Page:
Travels this past month have taken me to beyond the tree line in Labrador and it was a dramatic change of scenery as we drove southward into the colorful fall foliage in Quebec and then Maine. Yellows and reds seemed to dominate and the landscape was very beautiful. Here on Mount Desert Island it is a splendid show of fall colors.
On my first night out after returning, a friend and I headed for Bar Harbor and got to see the unusual and handsome piebald deer feeding alongside the road just outside of Somesville. There is no mistaking this deer for it is white with splotches of brownish or black here and there on its body. Otherwise it is a white-tailed deer in what is called the piebald phase. Scientific authorities say this is caused by overpopulation in the deer herd.
We certainly do have an overpopulation of white-tailed deer since there are few predators large enough to kill an adult deer. Coyotes do kill some young ones but the herd is much too large for its own good and health.
I saw a Facebook posting of a pileated woodpecker on this island eating crabapples in a tree. This bird is so flamboyant in its looks and actions in addition to its large size and red crest that you can’t miss it when it is near.
This woodpecker was formally called a bird of the wilderness and never came near houses and people. But this beautiful, large woodpecker adapted to towns, yards and human activities and is now regularly seen in towns and villages seemingly oblivious to all human activity. It is often seen in all parts of MDI. The ivory-billed woodpecker, a wilderness bird in the south is now considered extinct by most authorities
After the recent wild seas and crashing waves long the shores of this island it is the perfect time to walk the shores and see what the sea has left for you to find. All sorts of creatures are possible. It’s prime time for beach walkers! Sorting through the flotsam and jetsam can be an adventure.
While on my recent adventure to Labrador, my daughter and I had two great evenings watching three black bears come to feast at a remote town dump. Naturalists are apt to do odd things for adventure when visiting a new area. We got to the dump too early one day and after a couple of hours decided nothing was coming and we started to leave. We had only gone a short way down the dirt road when I spotted a black bear crossing the road and disappearing into the woods headed for the dump’s offerings. We quickly reversed our direction and picked a good viewing spot … A few pickup trucks came and went and then there was a pause.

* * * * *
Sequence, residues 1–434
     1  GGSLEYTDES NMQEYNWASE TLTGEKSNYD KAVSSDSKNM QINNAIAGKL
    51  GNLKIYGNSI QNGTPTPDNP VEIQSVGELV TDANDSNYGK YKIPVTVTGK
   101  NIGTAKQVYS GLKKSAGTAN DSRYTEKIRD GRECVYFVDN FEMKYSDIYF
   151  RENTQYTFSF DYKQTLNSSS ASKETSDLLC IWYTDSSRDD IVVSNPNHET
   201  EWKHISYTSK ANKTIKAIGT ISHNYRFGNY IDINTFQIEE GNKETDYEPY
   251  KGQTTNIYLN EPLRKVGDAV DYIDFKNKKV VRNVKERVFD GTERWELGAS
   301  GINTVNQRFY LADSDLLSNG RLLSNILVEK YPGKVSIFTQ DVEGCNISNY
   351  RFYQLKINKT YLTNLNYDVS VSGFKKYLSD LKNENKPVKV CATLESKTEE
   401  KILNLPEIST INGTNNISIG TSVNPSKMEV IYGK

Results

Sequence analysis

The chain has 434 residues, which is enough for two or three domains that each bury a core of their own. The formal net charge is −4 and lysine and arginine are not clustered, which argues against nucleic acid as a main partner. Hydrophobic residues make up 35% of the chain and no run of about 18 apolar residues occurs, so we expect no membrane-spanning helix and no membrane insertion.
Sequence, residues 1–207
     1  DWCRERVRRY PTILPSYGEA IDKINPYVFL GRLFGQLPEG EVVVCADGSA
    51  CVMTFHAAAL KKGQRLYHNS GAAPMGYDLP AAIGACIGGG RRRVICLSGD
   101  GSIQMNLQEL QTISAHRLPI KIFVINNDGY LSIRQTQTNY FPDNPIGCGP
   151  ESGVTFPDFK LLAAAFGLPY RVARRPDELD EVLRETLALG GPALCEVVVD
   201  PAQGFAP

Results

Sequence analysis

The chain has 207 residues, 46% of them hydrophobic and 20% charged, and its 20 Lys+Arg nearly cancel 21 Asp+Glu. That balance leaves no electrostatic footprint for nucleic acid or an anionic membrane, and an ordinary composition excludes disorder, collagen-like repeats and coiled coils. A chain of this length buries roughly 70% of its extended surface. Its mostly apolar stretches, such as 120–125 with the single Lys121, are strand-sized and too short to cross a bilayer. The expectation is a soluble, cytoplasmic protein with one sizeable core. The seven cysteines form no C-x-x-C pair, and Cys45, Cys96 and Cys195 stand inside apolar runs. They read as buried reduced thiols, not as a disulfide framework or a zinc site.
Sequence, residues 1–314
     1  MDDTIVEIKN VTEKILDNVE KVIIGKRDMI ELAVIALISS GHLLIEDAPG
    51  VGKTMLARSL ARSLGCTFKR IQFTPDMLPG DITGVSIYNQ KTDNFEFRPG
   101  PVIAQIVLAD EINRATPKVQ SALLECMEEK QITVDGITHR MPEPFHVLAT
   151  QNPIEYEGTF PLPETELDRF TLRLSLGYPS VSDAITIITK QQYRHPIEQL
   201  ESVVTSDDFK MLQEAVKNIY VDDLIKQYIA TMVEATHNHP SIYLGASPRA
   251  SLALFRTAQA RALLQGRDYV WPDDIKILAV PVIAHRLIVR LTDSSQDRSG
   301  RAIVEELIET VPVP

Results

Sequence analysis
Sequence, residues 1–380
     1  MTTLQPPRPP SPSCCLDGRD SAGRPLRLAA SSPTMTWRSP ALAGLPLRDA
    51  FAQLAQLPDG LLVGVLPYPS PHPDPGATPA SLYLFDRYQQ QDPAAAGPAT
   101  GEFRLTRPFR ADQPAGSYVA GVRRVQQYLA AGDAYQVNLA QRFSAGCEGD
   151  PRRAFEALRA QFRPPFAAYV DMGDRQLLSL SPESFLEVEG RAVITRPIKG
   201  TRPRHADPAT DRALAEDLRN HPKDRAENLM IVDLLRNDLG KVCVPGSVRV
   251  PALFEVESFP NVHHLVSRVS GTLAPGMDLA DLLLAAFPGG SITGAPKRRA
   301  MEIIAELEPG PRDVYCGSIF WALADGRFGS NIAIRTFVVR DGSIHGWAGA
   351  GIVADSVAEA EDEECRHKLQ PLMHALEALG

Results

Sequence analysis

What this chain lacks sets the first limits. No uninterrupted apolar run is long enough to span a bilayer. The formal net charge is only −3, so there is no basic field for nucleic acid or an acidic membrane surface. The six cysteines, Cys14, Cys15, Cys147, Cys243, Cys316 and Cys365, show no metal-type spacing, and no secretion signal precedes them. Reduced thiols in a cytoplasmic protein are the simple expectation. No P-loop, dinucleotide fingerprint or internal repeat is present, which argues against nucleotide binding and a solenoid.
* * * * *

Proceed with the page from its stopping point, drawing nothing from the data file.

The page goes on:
Suddenly up over the pile of trash a black bear appeared in good view and surveyed the sea of delights in front of him. He moved along the trash looking as he went. Another bear soon appeared a few yards back of him and they slowly moved along looking for tasty treats. Not long after another bear appeared so we had three in view all at once. They seemed to be young bears.
We sat that watching them for a long time as they sniffed the bags, poked their heads in and munched away on goodies. There were two restaurants in the town and a bakery, so they probably checked the dump every day. Fisherman and local residents also brought their trash here. The bears seemed to know which location in which to find the best edible trash. At one point my daughter used my roof window as a camera blind to get a good view and have a quick retreat if the bears came too close. I got a nice photo of one of the bears standing up tall on its hind legs looking out over the dump. They look quite big when they do this.
The bears stayed a couple of hours than disappeared back into the woods. We were in a small village almost as far north as you can go in a car at this point in Labrador.
We stayed at a small hotel where we discovered from the owner that President Bush had stayed when he went fishing up there. He really knew how to get away from it all! The hotel owner told us that he ran out of socks while there and the secret service had to go out and buy new ones in the general store. They all liked him there.
Send any questions, observations or photographs to [email protected] or call 244-3742.